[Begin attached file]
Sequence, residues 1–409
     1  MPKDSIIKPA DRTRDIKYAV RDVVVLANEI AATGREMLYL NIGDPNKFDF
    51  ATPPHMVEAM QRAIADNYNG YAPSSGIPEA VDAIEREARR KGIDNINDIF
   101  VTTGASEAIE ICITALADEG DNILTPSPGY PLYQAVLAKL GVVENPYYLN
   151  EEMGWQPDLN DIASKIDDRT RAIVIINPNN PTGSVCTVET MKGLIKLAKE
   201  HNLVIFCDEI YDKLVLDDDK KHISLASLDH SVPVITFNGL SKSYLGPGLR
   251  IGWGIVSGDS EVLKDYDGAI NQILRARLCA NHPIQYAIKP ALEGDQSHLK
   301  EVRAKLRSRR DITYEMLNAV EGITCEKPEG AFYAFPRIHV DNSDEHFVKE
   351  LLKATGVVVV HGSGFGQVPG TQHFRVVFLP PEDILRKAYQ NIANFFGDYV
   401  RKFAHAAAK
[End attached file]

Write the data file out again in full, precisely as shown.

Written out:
Sequence, residues 1–409
     1  MPKDSIIKPA DRTRDIKYAV RDVVVLANEI AATGREMLYL NIGDPNKFDF
    51  ATPPHMVEAM QRAIADNYNG YAPSSGIPEA VDAIEREARR KGIDNINDIF
   101  VTTGASEAIE ICITALADEG DNILTPSPGY PLYQAVLAKL GVVENPYYLN
   151  EEMGWQPDLN DIASKIDDRT RAIVIINPNN PTGSVCTVET MKGLIKLAKE
   201  HNLVIFCDEI YDKLVLDDDK KHISLASLDH SVPVITFNGL SKSYLGPGLR
   251  IGWGIVSGDS EVLKDYDGAI NQILRARLCA NHPIQYAIKP ALEGDQSHLK
   301  EVRAKLRSRR DITYEMLNAV EGITCEKPEG AFYAFPRIHV DNSDEHFVKE
   351  LLKATGVVVV HGSGFGQVPG TQHFRVVFLP PEDILRKAYQ NIANFFGDYV
   401  RKFAHAAAK